College can be a huge expense for students and families. According to The College Board, the average cost to students for the 2016-2017 school year after financial aid was $14,210 for public college and $26,100 for private college. Four years of tuition adds up fast — Mark Kantrowitz, publisher of Cappex.com, a website that matches students with scholarships, said the average 2016 graduate who took out loans has about $37,000 in debt.
Marketplace Weekend spoke with Kantrowitz about the best ways to finance a college education and save money. Here are his top tips:
1. Open a 529 account, and start saving early.
Kantrowitz recommends opening a 529 savings account as soon as possible to start saving for college. If you open an account when your child is born, earnings on the investment will finance one third of the college savings goal. The rest will be funded by contributions. If you wait until your child is in high school, less than 10 percent of the savings will be financed by earnings. That's a big difference. You're not restricted to your state's 529, and Katrowitz recommends shopping around for a 529. Different states offer different incentives and taxes, and you could save money by searching for the best fit directly on state websites.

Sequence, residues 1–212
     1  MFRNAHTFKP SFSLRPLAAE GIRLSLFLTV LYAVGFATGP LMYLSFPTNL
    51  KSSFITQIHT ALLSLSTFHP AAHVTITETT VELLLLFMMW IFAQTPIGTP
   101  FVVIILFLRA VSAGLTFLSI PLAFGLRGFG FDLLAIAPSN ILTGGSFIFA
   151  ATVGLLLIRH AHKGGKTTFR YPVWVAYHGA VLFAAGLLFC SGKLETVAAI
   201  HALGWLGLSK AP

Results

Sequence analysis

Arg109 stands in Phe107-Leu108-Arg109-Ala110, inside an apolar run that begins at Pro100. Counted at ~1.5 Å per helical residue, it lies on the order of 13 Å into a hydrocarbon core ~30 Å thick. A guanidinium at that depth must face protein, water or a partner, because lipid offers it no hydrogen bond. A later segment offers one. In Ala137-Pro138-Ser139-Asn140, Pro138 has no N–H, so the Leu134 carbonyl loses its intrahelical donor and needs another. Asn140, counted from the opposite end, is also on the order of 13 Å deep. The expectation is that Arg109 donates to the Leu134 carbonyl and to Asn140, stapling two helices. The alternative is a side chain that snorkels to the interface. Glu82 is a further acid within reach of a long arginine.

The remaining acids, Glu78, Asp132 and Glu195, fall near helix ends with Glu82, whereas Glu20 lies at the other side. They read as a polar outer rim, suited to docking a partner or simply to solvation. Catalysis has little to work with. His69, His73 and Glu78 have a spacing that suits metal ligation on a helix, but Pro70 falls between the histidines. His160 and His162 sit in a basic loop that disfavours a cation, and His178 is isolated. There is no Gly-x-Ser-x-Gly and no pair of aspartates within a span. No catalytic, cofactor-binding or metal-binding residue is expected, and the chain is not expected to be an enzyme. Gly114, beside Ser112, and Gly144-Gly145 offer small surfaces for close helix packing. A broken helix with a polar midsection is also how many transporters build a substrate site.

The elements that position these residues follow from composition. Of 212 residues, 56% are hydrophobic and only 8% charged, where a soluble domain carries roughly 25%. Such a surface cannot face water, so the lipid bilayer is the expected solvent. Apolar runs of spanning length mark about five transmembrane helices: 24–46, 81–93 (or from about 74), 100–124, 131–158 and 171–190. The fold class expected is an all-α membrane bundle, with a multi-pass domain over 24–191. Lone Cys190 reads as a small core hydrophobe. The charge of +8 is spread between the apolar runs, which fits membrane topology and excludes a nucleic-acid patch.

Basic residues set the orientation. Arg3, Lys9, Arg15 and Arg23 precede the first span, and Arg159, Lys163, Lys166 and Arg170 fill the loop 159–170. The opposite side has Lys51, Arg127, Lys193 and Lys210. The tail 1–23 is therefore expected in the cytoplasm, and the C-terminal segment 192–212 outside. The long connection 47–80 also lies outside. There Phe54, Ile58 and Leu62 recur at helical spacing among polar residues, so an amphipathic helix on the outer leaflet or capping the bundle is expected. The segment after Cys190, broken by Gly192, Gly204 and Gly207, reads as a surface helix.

2. Search for scholarships.
Kantrowitz said that there is about $6 billion in private scholarship money available for college, and one in eight students wins a scholarship. The average scholarship is $4,000 per year, which won't cover tuition completely, but can be a big help. Kantrowitz advises students to narrow their search by using a free scholarship matching service, like the one his site provides. One catch? You should never pay money to win money. Kantrowitz recommends avoiding services that require payment and scholarships that charge an application fee.
3. Live like a college student.
Living like a student while you're in college will help you avoid living like a student once you graduate, Kantrowitz said. Depending on each student's individual situation, that means eating at the dining hall instead of buying meals off campus, seeking out secondhand textbooks and finding affordable housing. Even a weekly late-night pizza could have a long-term impact on finances: $10 a week spent on pizza is $2,000 after four years, and that $2,000 will cost $4,000 to pay back if you used student loan money. Keeping in mind the cost of loan repayment even for small purchases is important.
4. Don't bite off more than you can chew.
How much loan debt is OK? Kantrowitz said the best way to determine how much you can pay back comfortably is to think of your future earnings. Don't borrow more than the amount of your anticipated salary after graduation, he advises. If you expect to make $40,000, then $40,000 in loan debt can be paid back in 10 years without becoming overwhelming.
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